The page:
EasyMile has raised €55m to help the company prove it can turn its autonomous vehicle technology into a sustainable business.
To do that, EasyMile has expanded into self-driving transport for goods. While the company continues to develop its autonomous shuttles for people, moving stuff offers the promise of a more robust market in the short term.
In making this shift, EasyMile is confronting a dilemma that faces most deeptech companies: how to balance the long term horizon of research-based technologies with the need to commercialise products and generate revenues.
"We are quite quickly shifting to material handling," said EasyMile founder and CEO Gilbert Gagnaire. "That doesn't mean that we drop the people movers. We have just acknowledged that in terms of maturity, the material handling business is probably a low-hanging fruit for us."
Searchlight Capital led the latest round of funding, which also included money from McWin, NextStage AM, Alstom, Bpifrance and Continental. It comes after a particularly challenging year: the pandemic slowed many of EasyMile's pilots as public transportation around the globe took a hit during various lockdowns.
But shuttles have emerged in recent years as one of the more successful implementations of autonomous driving technology. While hype in this sector first focused on cars, and then trucks, shuttles offered more targeted use cases thanks to defined routes in controlled environments.
Within this niche, EasyMile emerged as a leader. Gagnaire said the company has about 180 shuttles in various stages of operations and pilots around the world. The world's 10 largest bus companies are all customers.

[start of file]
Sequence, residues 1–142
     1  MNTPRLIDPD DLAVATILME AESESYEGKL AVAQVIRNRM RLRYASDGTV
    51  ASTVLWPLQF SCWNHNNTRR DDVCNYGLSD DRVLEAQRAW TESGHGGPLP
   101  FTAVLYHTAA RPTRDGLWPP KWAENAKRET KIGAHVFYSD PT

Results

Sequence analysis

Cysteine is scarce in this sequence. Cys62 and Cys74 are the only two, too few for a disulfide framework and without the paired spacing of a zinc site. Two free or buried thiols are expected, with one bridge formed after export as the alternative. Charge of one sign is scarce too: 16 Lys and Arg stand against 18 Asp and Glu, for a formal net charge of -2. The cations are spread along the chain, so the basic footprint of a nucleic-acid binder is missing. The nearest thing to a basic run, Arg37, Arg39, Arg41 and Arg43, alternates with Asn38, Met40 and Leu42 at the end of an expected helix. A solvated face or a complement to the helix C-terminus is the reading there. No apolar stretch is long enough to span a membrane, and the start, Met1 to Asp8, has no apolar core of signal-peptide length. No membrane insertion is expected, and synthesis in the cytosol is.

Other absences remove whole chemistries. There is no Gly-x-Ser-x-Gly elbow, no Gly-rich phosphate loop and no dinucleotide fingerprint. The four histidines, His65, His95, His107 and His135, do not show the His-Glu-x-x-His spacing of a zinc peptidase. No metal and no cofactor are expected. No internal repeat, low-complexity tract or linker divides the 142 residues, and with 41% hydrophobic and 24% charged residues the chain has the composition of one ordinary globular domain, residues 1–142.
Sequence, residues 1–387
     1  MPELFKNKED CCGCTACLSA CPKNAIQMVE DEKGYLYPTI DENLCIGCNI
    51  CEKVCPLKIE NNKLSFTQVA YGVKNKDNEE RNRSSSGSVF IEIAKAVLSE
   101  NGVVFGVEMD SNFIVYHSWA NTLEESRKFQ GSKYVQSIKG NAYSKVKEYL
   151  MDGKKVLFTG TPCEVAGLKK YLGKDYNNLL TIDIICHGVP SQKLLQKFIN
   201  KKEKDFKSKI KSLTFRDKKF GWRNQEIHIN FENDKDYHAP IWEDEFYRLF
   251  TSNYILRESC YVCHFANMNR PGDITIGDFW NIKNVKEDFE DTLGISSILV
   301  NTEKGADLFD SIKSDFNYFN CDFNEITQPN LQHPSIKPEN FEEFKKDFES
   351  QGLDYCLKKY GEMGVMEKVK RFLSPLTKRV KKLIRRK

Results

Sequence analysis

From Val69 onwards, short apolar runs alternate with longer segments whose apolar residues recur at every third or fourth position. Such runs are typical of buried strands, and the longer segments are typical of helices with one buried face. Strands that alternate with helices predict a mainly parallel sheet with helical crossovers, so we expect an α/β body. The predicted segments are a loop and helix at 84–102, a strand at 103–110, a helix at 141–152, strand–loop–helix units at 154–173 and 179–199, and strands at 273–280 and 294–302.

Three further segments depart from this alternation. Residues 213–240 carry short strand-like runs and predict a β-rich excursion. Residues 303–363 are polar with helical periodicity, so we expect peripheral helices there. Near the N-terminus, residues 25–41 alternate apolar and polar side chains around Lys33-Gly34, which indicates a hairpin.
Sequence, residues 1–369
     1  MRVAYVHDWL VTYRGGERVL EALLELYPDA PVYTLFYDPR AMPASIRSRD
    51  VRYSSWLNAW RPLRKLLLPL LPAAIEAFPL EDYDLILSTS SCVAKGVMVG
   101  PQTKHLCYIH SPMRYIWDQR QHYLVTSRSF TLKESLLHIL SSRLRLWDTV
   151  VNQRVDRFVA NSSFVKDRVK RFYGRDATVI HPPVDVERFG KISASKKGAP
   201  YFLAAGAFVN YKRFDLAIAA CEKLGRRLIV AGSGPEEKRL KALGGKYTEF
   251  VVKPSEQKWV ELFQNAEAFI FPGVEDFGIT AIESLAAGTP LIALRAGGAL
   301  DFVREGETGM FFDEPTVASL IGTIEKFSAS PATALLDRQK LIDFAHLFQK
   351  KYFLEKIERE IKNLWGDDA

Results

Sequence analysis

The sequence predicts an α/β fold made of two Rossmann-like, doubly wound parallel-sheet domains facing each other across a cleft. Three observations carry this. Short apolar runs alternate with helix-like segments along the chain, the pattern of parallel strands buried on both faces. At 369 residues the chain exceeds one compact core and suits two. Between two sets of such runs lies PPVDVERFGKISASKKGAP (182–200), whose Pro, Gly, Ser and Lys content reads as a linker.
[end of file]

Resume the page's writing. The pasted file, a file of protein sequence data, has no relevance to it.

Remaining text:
From the company's founding in 2014, he wanted to emphasise the creation of products that could actually be used by customers in the real world rather than just pursuing endless R&D. That decision has proved challenging at times both in terms of operations as well as funding.
"Maybe I made a strategic mistake," he said, "because at the very beginning, I decided that we should have customers and we should learn from customers. As soon as you have real customers, you also have real problems. And so your ability to make your investors dream is obviously less because you are confronted with the real market. Of course, you learn a lot. In return, all your problems are exposed to the world."
That included a widely-publicised incident in February 2020 when an EasyMIle autonomous shuttle in Columbus, Ohio activated its emergency braking system. A passenger slid off their seat but didn't suffer any injuries. Still, the programme was temporarily suspended as officials reviewed the incident.
As for funding, EasyMile's pursuit of customers placed it in a kind of VC no man's land. On one side are VC firms that back pre-revenue companies. On the other side are growth equity funds wanting to help startups with strong market traction scale up.